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#PlasticSurgery: A Comparative Deep Dive into Social Media and Plastic Surgery

C.L. Mullens; J.A. Hernandez; K.M. Hardy; I.L. McCulloch; J. Gabbay; C.M. Ueno
West Virginia University School of Medicine

Presenter: Cody L. Mullens

I certify that the material proposed for presentation in this abstract has not been published in any scientific journal or previously presented at a major meeting

Director Name: Aaron C. Mason

Author Category: Medical Student
Presentation Category: Clinical
Abstract Category: General Reconstruction

As social media has become pervasive in contemporary society, plastic surgery content has become commonplace. The aim of this study was to robustly sample plastic surgery posts on Twitter and Instagram to quantitatively and qualitatively evaluate platform content differences.

The hashtag "#PlasticSurgery" was systematically queried twice per day, for thirty consecutive days, on Twitter and Instagram. For completeness, "most recent" and "popular/trending" posts were analyzed and included in the study.

3867 posts were analyzed on Twitter and 5098 on Instagram. Mean post volume was significantly higher on Instagram (7,975 vs. 304 per day, p<0.0001). A larger proportion of post authors were plastic surgeons on Twitter (60.6% vs. 54.4% of all posts, p<0.0001), while patients and the general public posted more often on Instagram (27.3% vs. 14.7% of post authors, p<0.0001). Post scope was more likely to be educational on Twitter (38.6% vs. 9.0% of posts, p<0.0001) and self-promotional on Instagram (67.8% vs. 39.4% of posts, p<0.0001). Identifiable patient information was more prevalent on Instagram (13.4% vs. 4.1% of all posts, p<0.0001). Overall post engagement, evaluated by mean number of "likes", was substantially higher on Instagram (917.8 vs. 1.0, p<0.0001).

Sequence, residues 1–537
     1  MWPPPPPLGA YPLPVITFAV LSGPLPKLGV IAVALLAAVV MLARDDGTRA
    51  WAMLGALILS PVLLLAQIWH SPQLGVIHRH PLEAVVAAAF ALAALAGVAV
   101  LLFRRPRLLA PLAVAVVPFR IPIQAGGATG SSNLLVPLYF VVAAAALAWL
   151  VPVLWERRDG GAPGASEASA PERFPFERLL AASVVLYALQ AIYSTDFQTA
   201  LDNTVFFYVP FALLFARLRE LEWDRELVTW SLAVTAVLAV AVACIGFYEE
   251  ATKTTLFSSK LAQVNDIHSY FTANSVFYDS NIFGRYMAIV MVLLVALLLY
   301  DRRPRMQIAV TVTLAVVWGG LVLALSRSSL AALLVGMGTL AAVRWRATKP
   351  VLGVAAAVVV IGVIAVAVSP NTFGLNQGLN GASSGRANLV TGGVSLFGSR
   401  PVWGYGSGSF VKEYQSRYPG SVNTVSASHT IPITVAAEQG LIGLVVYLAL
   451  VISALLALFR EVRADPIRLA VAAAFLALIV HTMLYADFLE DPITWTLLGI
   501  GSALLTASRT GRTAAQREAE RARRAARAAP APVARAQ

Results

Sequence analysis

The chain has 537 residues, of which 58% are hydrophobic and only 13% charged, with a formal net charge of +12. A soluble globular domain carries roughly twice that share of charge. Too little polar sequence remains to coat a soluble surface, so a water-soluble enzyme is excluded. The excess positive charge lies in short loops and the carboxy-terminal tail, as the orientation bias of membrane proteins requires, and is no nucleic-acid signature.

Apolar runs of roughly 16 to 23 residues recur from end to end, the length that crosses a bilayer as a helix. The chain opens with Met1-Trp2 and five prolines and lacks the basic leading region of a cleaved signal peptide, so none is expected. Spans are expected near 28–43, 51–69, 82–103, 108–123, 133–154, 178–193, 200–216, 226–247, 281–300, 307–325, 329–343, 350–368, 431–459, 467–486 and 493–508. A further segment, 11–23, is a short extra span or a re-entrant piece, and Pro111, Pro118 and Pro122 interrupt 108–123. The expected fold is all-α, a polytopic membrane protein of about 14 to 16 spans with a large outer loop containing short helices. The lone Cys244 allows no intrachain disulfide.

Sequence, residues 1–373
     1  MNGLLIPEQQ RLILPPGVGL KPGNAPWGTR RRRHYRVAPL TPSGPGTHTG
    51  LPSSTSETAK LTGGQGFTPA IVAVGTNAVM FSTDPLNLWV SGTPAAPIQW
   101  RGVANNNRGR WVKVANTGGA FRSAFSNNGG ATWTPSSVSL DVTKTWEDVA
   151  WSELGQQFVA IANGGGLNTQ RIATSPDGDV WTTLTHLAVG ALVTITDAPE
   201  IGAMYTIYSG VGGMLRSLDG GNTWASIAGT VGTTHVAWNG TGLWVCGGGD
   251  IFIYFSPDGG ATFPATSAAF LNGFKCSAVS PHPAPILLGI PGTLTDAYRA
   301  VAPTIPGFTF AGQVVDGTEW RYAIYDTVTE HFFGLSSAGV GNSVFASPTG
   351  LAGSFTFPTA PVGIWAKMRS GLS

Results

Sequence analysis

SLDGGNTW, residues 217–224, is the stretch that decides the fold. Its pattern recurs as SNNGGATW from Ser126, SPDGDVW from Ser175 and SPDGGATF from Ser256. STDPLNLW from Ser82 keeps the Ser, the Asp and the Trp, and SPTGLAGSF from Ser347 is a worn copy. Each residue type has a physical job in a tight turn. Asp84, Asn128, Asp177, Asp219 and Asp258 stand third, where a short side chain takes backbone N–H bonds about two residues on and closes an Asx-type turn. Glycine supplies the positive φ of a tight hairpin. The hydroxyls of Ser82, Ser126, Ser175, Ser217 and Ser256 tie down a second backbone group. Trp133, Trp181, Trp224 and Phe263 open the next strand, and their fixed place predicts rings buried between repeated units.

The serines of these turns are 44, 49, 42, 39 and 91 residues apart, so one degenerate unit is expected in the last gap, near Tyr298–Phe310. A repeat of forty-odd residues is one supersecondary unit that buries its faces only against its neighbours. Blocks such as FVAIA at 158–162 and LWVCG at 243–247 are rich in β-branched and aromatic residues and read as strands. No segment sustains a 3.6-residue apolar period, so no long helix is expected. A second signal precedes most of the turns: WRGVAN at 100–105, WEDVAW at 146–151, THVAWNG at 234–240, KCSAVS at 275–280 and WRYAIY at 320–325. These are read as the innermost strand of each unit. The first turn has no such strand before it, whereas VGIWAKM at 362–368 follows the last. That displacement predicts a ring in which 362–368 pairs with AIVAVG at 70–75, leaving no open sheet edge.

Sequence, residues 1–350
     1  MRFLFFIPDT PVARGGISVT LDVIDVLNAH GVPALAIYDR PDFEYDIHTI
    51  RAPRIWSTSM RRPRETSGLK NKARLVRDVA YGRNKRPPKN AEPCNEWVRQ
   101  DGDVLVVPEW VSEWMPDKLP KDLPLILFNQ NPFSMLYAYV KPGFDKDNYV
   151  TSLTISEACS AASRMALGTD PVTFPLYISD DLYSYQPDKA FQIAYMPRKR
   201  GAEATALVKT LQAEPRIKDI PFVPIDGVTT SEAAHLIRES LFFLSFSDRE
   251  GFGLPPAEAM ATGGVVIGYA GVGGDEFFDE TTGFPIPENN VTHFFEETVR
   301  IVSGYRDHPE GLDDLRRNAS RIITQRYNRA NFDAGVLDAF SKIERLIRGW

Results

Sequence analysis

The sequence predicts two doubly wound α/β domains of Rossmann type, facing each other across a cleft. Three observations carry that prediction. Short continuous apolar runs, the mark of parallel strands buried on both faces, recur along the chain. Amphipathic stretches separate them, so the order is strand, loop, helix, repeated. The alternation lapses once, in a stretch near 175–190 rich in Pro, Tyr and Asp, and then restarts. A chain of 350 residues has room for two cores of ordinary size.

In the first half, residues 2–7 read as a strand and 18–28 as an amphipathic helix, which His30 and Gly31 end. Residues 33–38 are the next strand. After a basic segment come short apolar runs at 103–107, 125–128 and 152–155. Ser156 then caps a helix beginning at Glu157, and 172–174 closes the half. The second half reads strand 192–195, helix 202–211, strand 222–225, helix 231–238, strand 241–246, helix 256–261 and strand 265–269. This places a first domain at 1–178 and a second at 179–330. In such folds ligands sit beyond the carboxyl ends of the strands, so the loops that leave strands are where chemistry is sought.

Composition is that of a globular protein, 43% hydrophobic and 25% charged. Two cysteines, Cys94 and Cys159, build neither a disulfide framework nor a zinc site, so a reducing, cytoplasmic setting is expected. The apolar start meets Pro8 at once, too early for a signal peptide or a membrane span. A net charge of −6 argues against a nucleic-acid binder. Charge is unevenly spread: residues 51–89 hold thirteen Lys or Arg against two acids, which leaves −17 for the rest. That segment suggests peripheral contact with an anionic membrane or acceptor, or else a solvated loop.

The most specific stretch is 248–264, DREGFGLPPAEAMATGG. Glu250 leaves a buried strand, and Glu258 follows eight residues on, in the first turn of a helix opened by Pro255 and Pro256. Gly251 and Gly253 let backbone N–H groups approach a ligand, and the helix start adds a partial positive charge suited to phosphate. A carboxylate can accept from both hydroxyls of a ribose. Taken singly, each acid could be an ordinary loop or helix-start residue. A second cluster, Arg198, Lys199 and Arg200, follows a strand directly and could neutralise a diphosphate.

Understanding social media utilization as it relates to plastic surgery is important for the modern-day plastic surgeon. Social media's ability to educate and self-promote is far-reaching, and we hope to see more surgeons utilizing Instagram for educational content in the future. Additionally, this study sheds light on the ethically questionable issue of widely disseminated identifiable patient information across social media platforms.

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